How to Impress Your Boss by Screwing Up

April 17, 2007

Everyone makes mistakes. Sometimes the way you handle your mistake can actually turn it into an opportunity.

My Mistake
Due to bad listening on my part, I’ve spent the majority of the last two days at work, fun fun. My boss made a commitment to our Vice President of Technology and asked me to make sure it was carried out. I misunderstood the timeline so when my bosses boss came looking for status on Monday morning it was panic time.

My Solution
Everyone from my boss on up to the Vice President were expecting a deliverable that could save or cost the company hundreds of thousands of dollars. The bad news is that it wouldn’t be done on time and it was fault. Rather than dodge responsibility for the issue, which seemed tempting at first, I acknowledged my error and set to correcting it. Now after two days of long hours and hard work it appears the project will be a success. Although I was the cause for the delay, my handling of the situation proved my ability and dedication to my boss and his managers.

Making Mistakes
As we all know, everyone makes mistakes. If you can learn from those mistakes then you’ll be better off. A great illustration of this is the young businessman who blew a $100,000 dollar deal with a client. As they left the meeting the dejected businessman asked his boss, “Sir, are you going to fire me for losing that client?”. His boss gave him a funny look and said “Are you crazy? I just spent $100K training you, why would I fire you now? You’ll nail the next one, if not, then you’re fired.” We all make mistakes, how we handle and learn from them determines how others will reward or punish us for them.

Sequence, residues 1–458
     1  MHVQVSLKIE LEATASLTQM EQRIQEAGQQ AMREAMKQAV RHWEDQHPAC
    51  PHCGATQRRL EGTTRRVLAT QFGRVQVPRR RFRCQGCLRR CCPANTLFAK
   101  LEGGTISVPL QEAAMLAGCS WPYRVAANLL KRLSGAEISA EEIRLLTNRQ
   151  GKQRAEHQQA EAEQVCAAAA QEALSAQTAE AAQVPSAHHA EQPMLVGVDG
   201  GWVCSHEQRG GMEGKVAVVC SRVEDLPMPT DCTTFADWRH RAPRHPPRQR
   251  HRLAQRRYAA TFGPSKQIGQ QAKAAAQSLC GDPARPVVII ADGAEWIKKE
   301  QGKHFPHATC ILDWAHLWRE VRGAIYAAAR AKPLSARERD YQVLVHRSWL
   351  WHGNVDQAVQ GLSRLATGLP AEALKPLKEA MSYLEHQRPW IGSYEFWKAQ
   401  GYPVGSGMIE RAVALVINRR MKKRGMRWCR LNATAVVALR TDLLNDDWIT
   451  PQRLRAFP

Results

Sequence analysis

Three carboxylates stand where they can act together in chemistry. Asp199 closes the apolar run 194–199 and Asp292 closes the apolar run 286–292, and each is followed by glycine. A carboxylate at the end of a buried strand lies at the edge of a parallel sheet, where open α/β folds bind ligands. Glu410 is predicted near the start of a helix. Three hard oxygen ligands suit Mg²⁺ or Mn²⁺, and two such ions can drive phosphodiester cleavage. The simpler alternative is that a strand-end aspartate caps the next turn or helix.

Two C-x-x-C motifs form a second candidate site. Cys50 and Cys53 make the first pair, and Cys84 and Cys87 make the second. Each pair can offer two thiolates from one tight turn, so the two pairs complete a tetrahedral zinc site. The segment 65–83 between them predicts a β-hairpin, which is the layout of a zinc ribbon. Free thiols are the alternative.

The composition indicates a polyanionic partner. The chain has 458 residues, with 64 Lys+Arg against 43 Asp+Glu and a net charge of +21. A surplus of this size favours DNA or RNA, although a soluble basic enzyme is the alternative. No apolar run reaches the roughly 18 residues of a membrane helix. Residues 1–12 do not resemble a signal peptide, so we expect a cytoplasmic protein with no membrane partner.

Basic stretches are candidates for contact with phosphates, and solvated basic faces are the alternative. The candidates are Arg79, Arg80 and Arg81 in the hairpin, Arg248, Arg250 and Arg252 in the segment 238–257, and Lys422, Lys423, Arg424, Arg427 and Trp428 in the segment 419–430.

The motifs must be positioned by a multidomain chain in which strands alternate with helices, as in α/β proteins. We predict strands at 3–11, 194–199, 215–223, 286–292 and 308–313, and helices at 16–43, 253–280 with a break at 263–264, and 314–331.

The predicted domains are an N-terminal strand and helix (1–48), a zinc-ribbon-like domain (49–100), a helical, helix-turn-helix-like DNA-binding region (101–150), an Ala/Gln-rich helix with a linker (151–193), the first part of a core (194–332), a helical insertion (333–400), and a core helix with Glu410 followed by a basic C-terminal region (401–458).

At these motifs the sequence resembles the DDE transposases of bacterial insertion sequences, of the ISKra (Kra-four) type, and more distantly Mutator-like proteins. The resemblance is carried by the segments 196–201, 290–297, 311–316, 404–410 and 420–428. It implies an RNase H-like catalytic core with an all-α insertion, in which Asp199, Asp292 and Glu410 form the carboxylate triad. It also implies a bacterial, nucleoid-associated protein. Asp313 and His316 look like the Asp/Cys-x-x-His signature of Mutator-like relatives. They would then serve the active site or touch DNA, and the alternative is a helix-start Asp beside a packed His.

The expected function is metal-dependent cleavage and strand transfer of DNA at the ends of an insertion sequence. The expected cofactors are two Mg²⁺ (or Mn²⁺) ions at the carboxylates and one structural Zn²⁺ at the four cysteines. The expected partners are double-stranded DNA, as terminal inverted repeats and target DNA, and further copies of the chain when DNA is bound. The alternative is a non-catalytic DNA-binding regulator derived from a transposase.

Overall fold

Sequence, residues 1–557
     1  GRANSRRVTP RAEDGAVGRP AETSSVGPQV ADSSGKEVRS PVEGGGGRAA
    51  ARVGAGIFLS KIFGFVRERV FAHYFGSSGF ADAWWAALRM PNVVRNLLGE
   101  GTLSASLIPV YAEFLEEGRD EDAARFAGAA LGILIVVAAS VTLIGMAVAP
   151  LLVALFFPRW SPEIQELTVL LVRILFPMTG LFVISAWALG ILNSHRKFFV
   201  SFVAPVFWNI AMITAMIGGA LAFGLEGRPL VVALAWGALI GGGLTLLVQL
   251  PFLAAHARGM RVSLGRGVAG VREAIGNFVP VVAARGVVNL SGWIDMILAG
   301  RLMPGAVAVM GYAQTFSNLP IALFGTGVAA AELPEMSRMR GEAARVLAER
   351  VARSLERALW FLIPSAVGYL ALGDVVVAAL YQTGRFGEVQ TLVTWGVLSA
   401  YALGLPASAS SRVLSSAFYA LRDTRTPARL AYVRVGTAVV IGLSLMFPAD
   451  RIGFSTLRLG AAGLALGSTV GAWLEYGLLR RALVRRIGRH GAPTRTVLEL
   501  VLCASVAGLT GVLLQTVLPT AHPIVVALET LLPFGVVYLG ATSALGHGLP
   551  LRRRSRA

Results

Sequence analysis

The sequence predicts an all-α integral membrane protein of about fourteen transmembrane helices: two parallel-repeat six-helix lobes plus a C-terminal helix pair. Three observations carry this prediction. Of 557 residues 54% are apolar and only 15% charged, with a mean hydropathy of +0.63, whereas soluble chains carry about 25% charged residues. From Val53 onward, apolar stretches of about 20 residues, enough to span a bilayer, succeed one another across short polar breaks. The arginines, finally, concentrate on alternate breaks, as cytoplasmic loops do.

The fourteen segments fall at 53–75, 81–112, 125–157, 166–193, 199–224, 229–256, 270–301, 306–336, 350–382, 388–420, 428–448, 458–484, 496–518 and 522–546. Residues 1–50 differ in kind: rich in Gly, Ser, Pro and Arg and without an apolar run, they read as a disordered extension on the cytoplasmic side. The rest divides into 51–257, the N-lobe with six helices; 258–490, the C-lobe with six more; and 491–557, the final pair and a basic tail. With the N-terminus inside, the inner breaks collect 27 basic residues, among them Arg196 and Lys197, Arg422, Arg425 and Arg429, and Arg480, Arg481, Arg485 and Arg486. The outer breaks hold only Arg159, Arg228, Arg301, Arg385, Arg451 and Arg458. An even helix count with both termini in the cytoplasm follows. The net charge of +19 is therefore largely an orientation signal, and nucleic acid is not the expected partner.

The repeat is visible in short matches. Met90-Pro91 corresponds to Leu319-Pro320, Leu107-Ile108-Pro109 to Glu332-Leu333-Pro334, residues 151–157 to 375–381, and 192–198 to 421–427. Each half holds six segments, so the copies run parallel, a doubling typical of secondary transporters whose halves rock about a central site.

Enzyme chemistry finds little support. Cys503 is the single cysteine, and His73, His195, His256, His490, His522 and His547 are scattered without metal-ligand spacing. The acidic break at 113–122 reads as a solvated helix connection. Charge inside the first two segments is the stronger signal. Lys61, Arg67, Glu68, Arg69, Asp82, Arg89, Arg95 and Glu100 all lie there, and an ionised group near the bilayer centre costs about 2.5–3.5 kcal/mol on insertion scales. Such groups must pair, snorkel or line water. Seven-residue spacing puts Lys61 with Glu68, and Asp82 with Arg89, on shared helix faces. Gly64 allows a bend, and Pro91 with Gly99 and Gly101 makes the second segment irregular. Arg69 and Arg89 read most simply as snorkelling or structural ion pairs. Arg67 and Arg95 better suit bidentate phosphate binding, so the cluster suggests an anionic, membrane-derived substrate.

Promotion Payday
In an ironic twist my boss called me today with some exciting news. I saw his number on my phone and thought it was more bad news about the project. However, when I answered it was a different type of news altogether. The promotion I’d been waiting on had come through!

Hopefully this shows the promotion advice I’ve given has some merit. Unfortunately promotions typically require a good deal of hard work to come by. Turning your mistakes into opportunities can help speed up the process of getting promoted. Just don’t make too many mistakes


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Ben Edwards, the founder of Money Smart Life, saved up enough to buy a Nintendo back when he was 12 years old. When he used the money to buy shares of Wal-Mart stock instead, he knew he wasn't like the other kids... His addiction to personal finance has paid off for his family and now he's helping you to afford the life that you want. Check him out on the web at Google Plus, Twitter and Facebook.

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